lock (locker)

            {

                Console.WriteLine(“in lock”);

            }


This means the lock is acquired (call to Monitor.Enter) and a nop (at Hole) is executed before the start of the protected region (try block).  This means there’s an instruction after the acquisition of the lock that isn’t in the try block.  It’s at that point if Thread.Abort were called, the finally block would never get executed and the lock would not be released.  Likely this would result in deadlocks because nothing can ever release that lock now.


If you never use Thread.Abort, this issue doesn’t affect you.  But, it really just provides another good reason why people keep saying you should never use Thread.Abort.


In ‘System.Threading.Thread.Suspend() is obsolete: ‘Thread.Suspend has been deprecated…. I provide an example of cooperatively terminating a thread, if you’re interested in terminating your thread without using Thread.Abort.


Like catching Exception, there is an instance when Thread.Abort can be safely used: when you’re terminating your application.  If you’re terminating your application and you know you have a foreground thread running and it’s not responding, Thread.Abort can safely be used to ensure your application terminates bcause you’re shutting down and not using any existing invariants or locks.

10 thoughts on “Thread.Abort is a Sign of a Poorly Designed Program”

  1. What if you come into a situation in which you don’t have a choice ?
    Assuming your application is holding threads vs outside 3rd party resources, like DB, algorithmic engine.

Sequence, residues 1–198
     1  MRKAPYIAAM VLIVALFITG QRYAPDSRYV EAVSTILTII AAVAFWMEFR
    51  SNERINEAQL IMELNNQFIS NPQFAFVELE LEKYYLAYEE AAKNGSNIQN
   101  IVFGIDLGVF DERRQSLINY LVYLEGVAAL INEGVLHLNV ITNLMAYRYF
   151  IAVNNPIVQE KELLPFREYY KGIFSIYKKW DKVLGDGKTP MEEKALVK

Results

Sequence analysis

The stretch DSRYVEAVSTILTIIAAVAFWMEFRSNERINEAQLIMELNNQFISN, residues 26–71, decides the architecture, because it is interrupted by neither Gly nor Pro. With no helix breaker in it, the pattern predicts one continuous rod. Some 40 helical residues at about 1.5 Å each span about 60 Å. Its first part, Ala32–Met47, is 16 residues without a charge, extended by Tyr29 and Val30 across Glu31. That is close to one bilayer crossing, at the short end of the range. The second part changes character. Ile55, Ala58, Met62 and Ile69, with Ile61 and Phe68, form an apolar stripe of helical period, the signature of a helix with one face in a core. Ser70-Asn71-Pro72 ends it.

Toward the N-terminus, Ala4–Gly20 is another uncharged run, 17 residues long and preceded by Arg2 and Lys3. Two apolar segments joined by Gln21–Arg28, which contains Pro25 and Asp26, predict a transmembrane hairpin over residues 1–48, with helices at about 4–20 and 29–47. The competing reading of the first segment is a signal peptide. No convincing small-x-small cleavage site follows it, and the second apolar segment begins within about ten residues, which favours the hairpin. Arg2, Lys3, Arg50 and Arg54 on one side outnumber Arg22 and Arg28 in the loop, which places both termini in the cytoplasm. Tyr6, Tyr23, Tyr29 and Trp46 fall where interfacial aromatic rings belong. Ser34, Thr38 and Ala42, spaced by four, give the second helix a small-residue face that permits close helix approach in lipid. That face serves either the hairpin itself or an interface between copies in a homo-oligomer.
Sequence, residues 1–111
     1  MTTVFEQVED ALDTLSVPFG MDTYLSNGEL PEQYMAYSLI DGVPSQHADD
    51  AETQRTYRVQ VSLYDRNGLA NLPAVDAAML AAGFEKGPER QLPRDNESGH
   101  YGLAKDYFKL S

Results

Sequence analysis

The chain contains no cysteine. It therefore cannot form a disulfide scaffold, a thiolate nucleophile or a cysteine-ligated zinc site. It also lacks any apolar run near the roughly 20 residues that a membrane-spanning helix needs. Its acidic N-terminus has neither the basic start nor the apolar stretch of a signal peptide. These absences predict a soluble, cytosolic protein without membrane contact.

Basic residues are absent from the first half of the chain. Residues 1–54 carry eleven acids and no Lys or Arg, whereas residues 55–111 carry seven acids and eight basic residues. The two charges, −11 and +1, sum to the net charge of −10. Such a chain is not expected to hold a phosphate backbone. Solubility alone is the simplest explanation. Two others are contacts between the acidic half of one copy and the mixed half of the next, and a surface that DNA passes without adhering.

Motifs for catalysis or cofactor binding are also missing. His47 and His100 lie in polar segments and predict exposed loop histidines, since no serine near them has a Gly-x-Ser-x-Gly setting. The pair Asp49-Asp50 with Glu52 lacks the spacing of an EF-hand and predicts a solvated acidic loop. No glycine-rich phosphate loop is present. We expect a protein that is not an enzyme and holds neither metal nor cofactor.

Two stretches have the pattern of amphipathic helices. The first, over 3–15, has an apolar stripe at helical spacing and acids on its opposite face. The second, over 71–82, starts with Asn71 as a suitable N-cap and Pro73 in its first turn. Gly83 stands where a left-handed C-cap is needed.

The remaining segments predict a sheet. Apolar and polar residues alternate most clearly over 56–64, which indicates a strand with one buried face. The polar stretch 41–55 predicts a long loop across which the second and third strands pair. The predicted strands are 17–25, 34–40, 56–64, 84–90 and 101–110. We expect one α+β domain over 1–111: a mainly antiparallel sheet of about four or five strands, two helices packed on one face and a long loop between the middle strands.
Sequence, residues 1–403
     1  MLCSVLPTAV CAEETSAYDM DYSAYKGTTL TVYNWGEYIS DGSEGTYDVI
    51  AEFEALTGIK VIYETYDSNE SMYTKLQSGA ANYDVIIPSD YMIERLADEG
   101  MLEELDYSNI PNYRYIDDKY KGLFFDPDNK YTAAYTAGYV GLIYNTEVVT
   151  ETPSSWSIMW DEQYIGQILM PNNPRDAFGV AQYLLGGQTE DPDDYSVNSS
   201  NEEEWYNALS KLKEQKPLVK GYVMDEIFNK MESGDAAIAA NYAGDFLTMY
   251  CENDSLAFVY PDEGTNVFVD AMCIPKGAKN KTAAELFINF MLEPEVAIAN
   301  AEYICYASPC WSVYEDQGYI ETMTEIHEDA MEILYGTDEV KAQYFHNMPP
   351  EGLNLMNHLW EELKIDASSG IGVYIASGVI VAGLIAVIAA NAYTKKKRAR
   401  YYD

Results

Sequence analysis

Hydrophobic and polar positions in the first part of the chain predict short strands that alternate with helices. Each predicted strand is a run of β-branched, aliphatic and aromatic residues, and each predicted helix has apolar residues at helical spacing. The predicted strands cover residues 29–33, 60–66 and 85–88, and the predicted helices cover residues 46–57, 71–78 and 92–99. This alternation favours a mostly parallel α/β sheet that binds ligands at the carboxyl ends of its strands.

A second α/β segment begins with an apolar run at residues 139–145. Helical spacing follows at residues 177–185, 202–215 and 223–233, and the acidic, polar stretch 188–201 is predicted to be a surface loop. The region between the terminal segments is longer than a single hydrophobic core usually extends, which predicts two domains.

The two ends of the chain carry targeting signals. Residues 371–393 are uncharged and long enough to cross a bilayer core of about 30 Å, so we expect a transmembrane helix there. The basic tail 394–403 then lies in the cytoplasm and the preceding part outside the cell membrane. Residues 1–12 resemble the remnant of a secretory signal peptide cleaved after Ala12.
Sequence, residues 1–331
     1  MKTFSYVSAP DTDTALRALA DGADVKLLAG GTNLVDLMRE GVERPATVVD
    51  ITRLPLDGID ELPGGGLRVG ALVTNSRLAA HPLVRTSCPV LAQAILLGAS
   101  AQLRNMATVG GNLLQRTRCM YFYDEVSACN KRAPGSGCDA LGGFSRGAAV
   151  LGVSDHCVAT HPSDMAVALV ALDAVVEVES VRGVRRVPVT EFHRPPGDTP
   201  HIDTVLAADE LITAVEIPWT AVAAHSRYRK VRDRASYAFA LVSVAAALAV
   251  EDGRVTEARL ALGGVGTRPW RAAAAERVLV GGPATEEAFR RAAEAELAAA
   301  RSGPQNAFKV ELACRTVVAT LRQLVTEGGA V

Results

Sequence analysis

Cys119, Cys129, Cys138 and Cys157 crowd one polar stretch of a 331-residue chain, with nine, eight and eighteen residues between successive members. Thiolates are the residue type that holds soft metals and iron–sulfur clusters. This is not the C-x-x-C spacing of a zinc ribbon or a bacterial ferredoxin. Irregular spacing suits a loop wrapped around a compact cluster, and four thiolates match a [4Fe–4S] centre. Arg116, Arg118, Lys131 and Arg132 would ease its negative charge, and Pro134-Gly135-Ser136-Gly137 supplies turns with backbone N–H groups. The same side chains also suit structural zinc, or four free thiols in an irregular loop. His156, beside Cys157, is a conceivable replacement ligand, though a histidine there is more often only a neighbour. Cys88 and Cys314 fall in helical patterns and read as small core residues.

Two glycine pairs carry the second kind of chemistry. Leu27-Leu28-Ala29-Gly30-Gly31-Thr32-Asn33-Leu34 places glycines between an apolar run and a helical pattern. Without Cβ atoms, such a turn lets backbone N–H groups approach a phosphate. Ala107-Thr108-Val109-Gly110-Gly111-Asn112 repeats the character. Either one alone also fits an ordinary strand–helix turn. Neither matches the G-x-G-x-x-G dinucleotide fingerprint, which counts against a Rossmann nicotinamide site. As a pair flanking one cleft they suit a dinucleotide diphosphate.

What if the threads are blocking for too long time ? You can use a timer to find out, but what are you gonna do with the threads ?!

  2. If you *have* to use Thread.Abort, then it’s a sign of a poorly designed program. If it’s not your code then (i.e. it’s code out of your control) yes, you have no choice. I would recommend talking to the vendor to have the problem corrected.

    There’s very good solutions for blocking time-outs. You’d have to describe the blocking situation for me offer an example of this…

  3. @Rajeev. Second last paragraph, when I link to another post that describes how to cooperatively terminate a thread. The only way to reliable terminate a thread is to get it to do it itself.

  4. Strange because in our code we don’t use 3rd party and we don’t use Thread.Abort calls anywhere to end threads, yet we have to deal with catching the threadabort exception.

  5. @Eric. HttpResponse.End calls Thread.Abort, which may require dealing with ThreadAbortException.

    Other than that, you shouldn’t have to deal with it unless you explicitly call Thread.Abort or code that uses your code calls Thread.Abort. Where do you have to deal with ThreadAbortException?

  6. Abort() is similar to Ctrl-C in operating systems, not perfect but useful and necessary.

    When you design some multi-threaded framework, you don’t know what will be running in a thread. Even you can notify the thread to terminate ‘safely’, you never know if the termination is really ‘safe’ or even implemented by the users of your framework. You cannot control it!

    So the best solution is: notify the thread to terminate safely, but if failed (in a given time period or by other conditions), terminate it by Abort(). It’s better than without it, right?

  7. The only I can think of only 2 ways to abort a NamedPipeClientStream.Connect. Use a separate thread to perform the Connect. Call Thread.Abort when nothing connects to it. The second is to call Connect in a separate thread with a timeout value, in an infinite loop, but test for a “terminate thread” flag to break the loop and end the thread. However, this may be impractical. How would you handle the situation?

  8. I agree that Thread.Abort is a sign of terrible code, especially when it is called by the CLR in a completely-undocumented fashion. In any non-trivial multi-threaded project I have ever created, the CLR or framework code will randomly call Thread.Abort.

    It’s driving me crazy. What is Microsoft’s internal policy on calling Thread.Abort in their own library code, so that I can know which framework classes I need to rewrite myself to achieve true thread safety? Thanks.